Posted in Blog  
  on Dec 01, 2014

Property maintenance tips for a landlord

As a landlord, you are responsible for ensuring your rental unit is free of damage and maintenance problems. Routine maintenance can be costly, so it is important to find ways to save money. By performing routine maintenance, you can help ensure that a small problem is fixed quickly before it becomes an expensive and headache-inducing emergency.

1. Test Smoke and Carbon Monoxide Alarms Regularly

Not having a working smoke detector is a lawsuit waiting to happen. Ensure that this is never a problem by checking these alarms monthly. The best time to get permission from the tenant for access to the unit is when the monthly rent is due. Keep in mind that the average lifespan of a smoke detector is 10 years and a carbon monoxide alarm is five years, so record the purchase date to know when you'll need to buy a replacement.

2. Be Vigilant in Checking for Leaks and Water Damage

Although the best time to check that there are no water leaks is just after a storm, don't wait for a big storm to verify that your property is free of water damage. Prior to a tenant moving in or out, always do a complete inspection of the home or apartment to check for any new damage. If you spot anything, immediately contact a professional and inform the new tenant that they may have to wait to move in.

No matter what, always check the home after a torrential rain or wind storm. Look for signs of water collecting near windows, the shower and any sliding doors. Be sure to check the ceiling for any discoloration or signs of soft spots. If you do not address water damage in a timely manner, it can lead to the growth of dangerous mold.

3. Change the Air Conditioning and Heating Filters

To ensure that the air conditioning and heating units operate at peak efficiency, you should change the filters twice a year. To keep on a set schedule, change the heating filter in October when the weather is just turning cold and the air conditioning filter in March when spring is approaching. The dirtier the filter, the more the monthly utility bill will be for you or your tenant, and the more likely an expensive maintenance problem will develop in the future. If you are not responsible for paying utility bills, it is still important to change the filters because high heat and air conditioning bills may lose you some tenants.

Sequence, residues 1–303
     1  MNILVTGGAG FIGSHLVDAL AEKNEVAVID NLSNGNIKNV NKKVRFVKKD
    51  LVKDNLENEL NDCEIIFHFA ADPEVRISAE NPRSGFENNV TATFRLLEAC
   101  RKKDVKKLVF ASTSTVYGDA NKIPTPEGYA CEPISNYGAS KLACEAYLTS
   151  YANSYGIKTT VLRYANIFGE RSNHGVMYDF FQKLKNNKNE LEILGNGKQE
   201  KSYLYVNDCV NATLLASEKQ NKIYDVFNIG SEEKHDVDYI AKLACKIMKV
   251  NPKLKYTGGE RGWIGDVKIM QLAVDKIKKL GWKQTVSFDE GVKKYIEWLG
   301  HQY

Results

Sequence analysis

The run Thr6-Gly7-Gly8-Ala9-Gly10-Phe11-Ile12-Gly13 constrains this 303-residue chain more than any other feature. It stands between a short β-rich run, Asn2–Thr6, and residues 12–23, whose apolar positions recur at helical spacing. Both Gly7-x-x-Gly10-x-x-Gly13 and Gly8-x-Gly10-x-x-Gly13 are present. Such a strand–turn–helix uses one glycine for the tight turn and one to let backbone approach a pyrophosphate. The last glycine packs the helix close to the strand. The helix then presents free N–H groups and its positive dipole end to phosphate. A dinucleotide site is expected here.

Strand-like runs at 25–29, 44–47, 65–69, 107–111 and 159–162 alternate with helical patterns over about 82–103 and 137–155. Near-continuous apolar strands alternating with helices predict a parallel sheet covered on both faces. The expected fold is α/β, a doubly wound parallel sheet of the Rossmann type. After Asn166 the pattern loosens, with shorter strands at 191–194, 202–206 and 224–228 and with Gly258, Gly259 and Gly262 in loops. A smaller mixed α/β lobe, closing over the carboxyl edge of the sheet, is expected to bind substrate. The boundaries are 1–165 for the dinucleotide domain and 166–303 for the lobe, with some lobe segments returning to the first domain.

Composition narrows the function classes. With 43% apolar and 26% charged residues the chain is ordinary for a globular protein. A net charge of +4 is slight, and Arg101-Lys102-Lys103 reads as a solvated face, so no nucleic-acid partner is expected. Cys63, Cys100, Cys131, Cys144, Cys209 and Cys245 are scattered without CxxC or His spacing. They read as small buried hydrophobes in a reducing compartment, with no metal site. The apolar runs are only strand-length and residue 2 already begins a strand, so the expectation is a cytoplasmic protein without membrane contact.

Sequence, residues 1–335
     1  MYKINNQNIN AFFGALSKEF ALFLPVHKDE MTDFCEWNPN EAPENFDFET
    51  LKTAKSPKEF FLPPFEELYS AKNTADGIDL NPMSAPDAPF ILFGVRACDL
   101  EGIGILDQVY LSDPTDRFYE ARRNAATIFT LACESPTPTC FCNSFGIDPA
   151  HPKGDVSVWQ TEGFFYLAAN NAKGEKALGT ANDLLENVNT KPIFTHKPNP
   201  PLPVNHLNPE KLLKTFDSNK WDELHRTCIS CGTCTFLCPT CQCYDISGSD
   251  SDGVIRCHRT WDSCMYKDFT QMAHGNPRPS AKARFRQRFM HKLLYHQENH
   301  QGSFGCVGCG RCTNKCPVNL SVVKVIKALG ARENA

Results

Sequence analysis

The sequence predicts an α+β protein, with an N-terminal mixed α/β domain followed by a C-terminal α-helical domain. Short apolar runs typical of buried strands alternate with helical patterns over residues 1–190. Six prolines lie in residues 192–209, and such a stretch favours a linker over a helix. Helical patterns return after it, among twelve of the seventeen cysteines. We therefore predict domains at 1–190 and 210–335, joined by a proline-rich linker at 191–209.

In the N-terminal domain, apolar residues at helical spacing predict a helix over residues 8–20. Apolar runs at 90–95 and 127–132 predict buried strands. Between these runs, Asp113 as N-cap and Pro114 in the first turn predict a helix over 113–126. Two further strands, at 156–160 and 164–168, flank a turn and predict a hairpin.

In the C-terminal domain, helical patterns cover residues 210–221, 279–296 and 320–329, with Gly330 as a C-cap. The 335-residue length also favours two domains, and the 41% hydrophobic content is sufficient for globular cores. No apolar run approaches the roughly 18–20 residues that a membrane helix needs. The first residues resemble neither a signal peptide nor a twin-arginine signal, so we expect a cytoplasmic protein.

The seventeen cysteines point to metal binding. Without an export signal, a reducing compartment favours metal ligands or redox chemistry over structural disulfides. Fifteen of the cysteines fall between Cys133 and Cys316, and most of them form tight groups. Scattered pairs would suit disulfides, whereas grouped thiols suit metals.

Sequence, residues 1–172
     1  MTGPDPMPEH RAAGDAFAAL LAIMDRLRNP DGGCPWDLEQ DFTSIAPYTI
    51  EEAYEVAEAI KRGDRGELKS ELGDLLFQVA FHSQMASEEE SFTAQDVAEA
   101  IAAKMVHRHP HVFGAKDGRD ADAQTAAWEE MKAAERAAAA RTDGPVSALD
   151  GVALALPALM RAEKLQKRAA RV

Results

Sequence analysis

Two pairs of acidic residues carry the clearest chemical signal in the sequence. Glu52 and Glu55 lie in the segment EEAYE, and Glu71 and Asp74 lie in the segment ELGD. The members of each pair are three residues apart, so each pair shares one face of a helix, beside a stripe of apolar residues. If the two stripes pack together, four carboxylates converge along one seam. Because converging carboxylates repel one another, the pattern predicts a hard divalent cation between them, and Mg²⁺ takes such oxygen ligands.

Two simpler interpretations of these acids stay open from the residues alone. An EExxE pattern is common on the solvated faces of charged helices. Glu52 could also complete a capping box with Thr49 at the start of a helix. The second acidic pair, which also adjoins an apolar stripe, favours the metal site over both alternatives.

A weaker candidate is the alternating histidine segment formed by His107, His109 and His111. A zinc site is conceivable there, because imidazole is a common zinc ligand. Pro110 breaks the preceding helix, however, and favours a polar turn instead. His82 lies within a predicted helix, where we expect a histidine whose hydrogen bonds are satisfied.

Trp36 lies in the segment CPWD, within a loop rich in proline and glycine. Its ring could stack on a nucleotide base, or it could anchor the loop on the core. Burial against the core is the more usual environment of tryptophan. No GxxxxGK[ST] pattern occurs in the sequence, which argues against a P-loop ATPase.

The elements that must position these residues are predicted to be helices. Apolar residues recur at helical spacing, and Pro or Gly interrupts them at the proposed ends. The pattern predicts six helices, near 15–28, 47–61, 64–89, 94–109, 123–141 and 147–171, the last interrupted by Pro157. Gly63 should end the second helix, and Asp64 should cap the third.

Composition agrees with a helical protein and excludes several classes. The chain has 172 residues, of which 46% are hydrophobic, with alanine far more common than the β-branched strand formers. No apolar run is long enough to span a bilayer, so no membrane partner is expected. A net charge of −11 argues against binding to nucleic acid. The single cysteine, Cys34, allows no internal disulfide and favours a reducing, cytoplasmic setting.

4. Drain the Water Heater

Not draining the water heater can lead to the development of excess sediment that can clog the drain valve. Not only will this make the water heater less efficient, but it could also lead to needing to replace the entire unit. You can drain the water heater yourself but it's important to read the instructions and labels carefully as to not damage the water heater.

5. Call a Professional

While you may consider yourself a competent repair person or want to save a little money, it is always best to hire a professional when facing a costly maintenance problem. Only a professional can fix the problem the first time or offer a guarantee if the work is not done correctly. For help in finding a qualified repair person, ask friends and families for references. Chances are good that if a neighbor or trusted friend is using the person then they will be reliable and reputable.


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